That was a pretty hard lesson to learn. Emergency stashes need to be the appropriate items. Not everything can be stockpiled.

Getting out of this mindset is hard. Now that I plan our weekly meals I have to remind myself that I don’t need extra of everything because the majority of the bulk goes bad before we use it. I try very hard to get just what we need but I still feel that pull to grab things for storage.

I, then, remind myself that I have what I need for an emergency and I don’t need more. The more I remind myself of that, the easier it gets.

Decluttering Things of Value and the thought of Losing Money

This is one of the big things that my family had issues with while I was growing up. If something looks like it has “value” it is staying right where it is. This goes for any and everything, really. Old furniture found on the side of the road, old books, magazines, cassette tapes, VHS tapes… the list goes on.

If the old books we believe have value aren’t early editions and in pristine condition then we aren’t even going to get half of the money we spent on them back. Instead, we’re losing money by letting it sit.

I was told over and over again about how “this will be worth money some day”. And perhaps the holiday Barbies that were sitting in the box, untouched, for years will be worth something one day. However, worth money or not, it’s not doing us any good sitting there.

If we don’t plan to sell the item then why does it’s value matter? If the item is unused and we aren’t selling it, we are letting it lose it’s value right there. The item becomes useless.

Something else I struggle with is letting something go that I’ve spent money on. I feel like I’m throwing my money away if I let the item go. I have a juicer that I bought, spur of the moment, because I believed I was going to juice all the time. Spent $100 on it. I used it about 3 times, realized I hate juice and now it just sits on the top of our freezer.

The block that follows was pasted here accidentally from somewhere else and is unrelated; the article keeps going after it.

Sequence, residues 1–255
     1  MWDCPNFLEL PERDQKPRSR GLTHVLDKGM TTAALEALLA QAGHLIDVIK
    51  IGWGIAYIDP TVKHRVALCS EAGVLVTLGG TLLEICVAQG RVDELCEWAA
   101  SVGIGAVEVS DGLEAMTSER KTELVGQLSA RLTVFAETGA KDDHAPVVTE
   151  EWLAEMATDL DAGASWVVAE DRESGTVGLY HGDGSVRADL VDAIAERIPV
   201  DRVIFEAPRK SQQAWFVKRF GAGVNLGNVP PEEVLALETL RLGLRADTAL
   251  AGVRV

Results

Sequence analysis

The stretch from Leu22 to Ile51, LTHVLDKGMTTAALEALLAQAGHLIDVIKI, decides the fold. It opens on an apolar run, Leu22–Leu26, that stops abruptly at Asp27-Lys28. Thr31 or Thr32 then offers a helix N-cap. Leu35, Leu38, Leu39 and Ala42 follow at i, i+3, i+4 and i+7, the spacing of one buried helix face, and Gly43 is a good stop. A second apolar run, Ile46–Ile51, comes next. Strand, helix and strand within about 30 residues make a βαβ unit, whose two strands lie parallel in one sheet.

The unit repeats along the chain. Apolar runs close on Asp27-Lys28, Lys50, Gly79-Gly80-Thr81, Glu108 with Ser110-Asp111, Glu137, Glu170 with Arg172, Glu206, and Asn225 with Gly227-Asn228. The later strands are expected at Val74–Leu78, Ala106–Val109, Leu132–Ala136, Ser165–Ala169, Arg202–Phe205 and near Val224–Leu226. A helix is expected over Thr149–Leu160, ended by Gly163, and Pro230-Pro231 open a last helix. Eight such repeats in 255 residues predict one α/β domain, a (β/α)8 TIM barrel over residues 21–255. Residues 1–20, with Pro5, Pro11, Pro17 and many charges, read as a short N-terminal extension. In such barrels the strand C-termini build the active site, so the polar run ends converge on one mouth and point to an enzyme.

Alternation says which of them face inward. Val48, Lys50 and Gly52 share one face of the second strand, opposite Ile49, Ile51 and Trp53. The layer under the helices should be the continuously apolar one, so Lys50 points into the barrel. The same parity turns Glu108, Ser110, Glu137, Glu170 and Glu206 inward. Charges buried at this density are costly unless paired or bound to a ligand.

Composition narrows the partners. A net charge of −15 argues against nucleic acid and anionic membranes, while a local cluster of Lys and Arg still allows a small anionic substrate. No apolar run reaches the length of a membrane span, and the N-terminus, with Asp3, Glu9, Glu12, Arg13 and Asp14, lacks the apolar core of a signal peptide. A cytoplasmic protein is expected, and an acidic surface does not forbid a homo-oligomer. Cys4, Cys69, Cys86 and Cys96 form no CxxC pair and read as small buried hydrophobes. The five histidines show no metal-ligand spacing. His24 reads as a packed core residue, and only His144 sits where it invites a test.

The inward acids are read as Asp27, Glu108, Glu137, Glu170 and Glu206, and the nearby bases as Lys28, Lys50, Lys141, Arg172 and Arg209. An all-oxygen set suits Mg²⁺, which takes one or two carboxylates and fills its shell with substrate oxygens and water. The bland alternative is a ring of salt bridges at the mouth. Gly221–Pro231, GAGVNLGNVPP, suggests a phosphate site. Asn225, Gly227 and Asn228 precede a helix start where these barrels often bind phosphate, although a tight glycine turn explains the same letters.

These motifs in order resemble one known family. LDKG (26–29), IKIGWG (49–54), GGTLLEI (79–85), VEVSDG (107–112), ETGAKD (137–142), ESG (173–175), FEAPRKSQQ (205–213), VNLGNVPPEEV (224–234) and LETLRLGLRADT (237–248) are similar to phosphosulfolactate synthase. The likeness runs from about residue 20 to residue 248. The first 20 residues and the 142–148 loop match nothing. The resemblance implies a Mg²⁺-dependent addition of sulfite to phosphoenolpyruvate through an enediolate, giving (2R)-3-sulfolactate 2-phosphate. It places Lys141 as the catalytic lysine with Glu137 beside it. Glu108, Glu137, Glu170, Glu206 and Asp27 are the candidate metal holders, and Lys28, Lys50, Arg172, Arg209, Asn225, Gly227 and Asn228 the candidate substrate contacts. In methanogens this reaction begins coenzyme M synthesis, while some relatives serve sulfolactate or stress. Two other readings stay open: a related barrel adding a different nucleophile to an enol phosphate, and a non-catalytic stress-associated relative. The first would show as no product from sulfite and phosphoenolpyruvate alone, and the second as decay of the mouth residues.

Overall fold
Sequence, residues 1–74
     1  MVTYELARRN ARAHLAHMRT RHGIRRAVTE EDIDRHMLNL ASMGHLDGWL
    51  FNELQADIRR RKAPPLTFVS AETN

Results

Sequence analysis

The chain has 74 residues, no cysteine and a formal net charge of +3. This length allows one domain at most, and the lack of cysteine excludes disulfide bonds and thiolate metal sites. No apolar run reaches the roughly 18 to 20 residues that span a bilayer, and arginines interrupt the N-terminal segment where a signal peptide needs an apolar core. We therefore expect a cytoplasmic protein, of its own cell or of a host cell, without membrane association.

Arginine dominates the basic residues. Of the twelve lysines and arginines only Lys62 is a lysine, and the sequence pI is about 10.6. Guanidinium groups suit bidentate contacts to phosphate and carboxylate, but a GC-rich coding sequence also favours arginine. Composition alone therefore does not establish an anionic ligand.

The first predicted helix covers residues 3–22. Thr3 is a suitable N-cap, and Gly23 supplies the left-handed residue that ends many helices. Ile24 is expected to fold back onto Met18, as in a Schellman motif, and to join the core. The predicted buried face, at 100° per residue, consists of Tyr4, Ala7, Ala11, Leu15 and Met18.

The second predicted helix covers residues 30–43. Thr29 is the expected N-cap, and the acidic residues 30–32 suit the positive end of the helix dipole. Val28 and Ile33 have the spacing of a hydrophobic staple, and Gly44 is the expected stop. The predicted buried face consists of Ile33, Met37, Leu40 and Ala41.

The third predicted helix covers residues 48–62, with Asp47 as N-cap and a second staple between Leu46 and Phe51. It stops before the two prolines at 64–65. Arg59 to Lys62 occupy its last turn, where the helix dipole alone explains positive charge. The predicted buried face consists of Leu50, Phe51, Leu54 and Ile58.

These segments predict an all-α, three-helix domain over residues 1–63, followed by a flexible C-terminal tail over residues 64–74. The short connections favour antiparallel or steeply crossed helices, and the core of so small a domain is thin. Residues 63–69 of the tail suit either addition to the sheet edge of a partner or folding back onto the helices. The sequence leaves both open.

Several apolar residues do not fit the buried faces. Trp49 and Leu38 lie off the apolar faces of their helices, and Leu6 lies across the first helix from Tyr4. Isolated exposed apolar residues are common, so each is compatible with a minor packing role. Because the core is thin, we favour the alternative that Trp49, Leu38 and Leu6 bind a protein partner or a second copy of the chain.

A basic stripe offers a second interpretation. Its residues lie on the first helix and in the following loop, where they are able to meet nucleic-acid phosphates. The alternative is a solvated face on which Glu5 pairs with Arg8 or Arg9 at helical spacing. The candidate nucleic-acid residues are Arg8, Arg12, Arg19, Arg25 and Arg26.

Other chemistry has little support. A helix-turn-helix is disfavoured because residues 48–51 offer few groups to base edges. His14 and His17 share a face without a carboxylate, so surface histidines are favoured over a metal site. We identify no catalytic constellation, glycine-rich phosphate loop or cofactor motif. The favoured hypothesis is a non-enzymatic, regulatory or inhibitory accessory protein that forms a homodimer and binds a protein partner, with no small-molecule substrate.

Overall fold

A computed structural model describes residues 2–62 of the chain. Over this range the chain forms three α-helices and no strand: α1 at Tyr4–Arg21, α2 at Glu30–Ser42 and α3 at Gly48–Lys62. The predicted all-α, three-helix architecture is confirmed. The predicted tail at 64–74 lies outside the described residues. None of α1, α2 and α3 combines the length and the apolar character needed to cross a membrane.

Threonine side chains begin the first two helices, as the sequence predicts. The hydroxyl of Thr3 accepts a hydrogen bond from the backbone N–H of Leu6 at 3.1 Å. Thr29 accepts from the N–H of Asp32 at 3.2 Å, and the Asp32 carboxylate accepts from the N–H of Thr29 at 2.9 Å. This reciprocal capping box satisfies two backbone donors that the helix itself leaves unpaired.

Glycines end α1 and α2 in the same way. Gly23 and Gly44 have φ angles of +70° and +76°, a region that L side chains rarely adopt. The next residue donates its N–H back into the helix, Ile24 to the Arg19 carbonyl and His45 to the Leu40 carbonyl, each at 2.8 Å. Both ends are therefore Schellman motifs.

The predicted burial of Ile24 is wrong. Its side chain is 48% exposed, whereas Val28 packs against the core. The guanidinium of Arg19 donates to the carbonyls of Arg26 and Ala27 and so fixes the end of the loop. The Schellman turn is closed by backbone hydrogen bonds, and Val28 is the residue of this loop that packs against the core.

I haven’t donated it yet because I’m still struggling with the guilt of having spent $100 on it. After writing this up I plan to pull it down and post it for sale because I realize how irrational I am being. It is leaving my home.

Every time I can work up the courage to declutter a room I have to remind myself that my space is more valuable than any object. The money has already been spent. It is gone, Whether I keep the item or not the money is gone. I am wasting the items value and worth by letting it sit, unused. Instead, I can give it to someone who will use it.

Identity Clutter

Some people have a hard time letting items go because they are worried to lose a part of who they are. This could be trophies from sports in school. Craft supplies for crafty people. College text books and notes.

Anything that you feel that made you who you are.

Your items do not define who you are. Your items to do define your worth. Having more doesn’t make you superior. Having a little doesn’t make you inferior.

If you got rid of your text books from college, you will still have your degree. You are just ridding yourself of clutter. Clutter that is serving you no purpose. If you don’t plan to read those books again, then they serve you no purpose. If you don’t plan to use that material to make something, it is just taking up space. Space you could be using for a material you do love and you will use.

Challenge yourself and the things that are in question. Take those items and put them in a box. If you don’t use them in, say, the next two months, it has to go. They are taking up space that you could have things you will use. These items are causing you to cheat yourself of the satisfaction you get when you complete the things you love to do. Like read another book in a series or make another craft.